I think that we know this already; we, especially the Unitarians, are well aware of our New England roots, a heritage we are both proud of and embarrassed by.
On the other hand, we are clearly an ethnic religion with multi-cultural ambitions.
I have some questions to which someone might have answers.
Is there a Yankee diaspora? As the population of the US moved West, did New England Yankees create small outposts of New English Yankee culture across the country? Was the spread of Unitarianism tied to these circles? Anecdotal evidence of some of the largest and most established Unitarian churches in the Midwest point to that pattern.
When was the tipping point, if there was one, when Unitarian Universalism in the Midwest, South and West, ceased to be Yankee religion in a strange land? What percentage of non-New England UU congregations are of a different ethnic background than Yankee, or don't have New England connections?
If we are a Yankee religion by heritage and habit (by DNA as is now said), what was the process of that no longer defining us in the present? In other words, if we are less Yankee than we used to be, then we have already been in a process of becoming more multi-cultural. How did that work? What can we learn from it?
A final set of questions, regarding the larger context.
One of the features of the rise of conservative hegemony in the USA has been the shift in the relative power of groups within the elite. New England and New York capitalists used to be dominant, but that power has shifted West and South, especially due to the economic power of the oil industry.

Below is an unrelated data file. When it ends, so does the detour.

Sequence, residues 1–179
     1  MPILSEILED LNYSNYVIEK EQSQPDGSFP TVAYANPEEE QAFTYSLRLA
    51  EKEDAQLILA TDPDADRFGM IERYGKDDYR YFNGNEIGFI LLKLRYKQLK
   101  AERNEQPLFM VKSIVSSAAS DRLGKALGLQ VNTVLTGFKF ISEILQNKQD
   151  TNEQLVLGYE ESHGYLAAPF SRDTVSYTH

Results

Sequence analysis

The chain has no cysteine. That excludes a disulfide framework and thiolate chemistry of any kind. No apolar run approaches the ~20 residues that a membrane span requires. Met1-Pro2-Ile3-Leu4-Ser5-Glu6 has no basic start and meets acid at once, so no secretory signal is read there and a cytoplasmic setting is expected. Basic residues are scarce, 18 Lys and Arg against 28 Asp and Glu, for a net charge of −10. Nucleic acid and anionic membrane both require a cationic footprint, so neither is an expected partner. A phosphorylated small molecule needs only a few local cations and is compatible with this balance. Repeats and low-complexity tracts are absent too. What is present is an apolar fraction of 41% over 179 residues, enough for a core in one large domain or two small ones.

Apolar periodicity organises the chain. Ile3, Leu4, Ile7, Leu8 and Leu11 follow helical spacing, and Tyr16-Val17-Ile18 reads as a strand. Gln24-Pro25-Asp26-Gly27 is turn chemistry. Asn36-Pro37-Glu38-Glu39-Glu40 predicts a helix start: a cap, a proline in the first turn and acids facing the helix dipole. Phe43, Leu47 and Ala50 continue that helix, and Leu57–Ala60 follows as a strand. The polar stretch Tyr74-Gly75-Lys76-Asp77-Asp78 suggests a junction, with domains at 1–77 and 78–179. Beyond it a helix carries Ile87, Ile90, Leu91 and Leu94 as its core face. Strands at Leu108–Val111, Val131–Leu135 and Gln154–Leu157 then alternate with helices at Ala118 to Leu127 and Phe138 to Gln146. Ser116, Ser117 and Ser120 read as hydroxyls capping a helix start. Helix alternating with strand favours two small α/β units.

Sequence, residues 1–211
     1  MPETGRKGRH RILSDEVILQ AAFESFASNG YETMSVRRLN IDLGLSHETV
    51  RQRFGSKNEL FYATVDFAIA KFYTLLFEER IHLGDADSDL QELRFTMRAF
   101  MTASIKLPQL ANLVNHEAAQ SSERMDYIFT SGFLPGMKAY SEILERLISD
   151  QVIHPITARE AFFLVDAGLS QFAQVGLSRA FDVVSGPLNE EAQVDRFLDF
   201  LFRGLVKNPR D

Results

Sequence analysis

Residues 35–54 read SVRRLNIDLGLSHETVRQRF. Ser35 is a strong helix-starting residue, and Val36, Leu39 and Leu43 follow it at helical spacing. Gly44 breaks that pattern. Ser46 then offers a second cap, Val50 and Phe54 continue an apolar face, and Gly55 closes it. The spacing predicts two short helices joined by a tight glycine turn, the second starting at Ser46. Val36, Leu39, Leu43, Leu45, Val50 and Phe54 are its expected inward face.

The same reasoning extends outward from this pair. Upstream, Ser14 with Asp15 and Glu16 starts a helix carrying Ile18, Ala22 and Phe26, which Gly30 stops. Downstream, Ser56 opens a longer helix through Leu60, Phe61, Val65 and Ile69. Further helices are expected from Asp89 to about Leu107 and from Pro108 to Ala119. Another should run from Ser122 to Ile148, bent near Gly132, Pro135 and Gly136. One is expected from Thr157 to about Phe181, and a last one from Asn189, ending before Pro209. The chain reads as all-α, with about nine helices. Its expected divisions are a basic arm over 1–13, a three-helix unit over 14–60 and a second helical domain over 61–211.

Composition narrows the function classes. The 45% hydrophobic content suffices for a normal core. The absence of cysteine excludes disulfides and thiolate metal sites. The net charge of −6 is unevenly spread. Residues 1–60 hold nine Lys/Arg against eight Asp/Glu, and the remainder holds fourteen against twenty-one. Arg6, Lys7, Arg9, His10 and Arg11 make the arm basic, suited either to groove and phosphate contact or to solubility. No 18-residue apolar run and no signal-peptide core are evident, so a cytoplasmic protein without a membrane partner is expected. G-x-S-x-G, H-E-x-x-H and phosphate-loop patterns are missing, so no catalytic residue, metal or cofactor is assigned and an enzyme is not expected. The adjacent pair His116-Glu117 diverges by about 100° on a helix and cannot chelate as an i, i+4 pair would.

The political power of New England within the US has been declining. That quintessential New England Republican is a vanishing breed. New Englanders get nominated for US President, but have not won since the Irish Catholic Democrat Kennedy. A New Englander, but not a Yankee.
Meanwhile, within Unitarian Universalism, Republicans are getting rarer. In much of the country, the UU congregation is unabashedly Democratic, or to the left of that. Those to the right are just as likely to be libertarian rather than traditional moderate Republicans.
All my questions center around this larger historical trend: what happens to a New England Yankee, elite religion as the New England elite loses political, economic and social power in the country as a whole?
|Arlington Street Church, Boston: A beautiful reminder of days gone by.|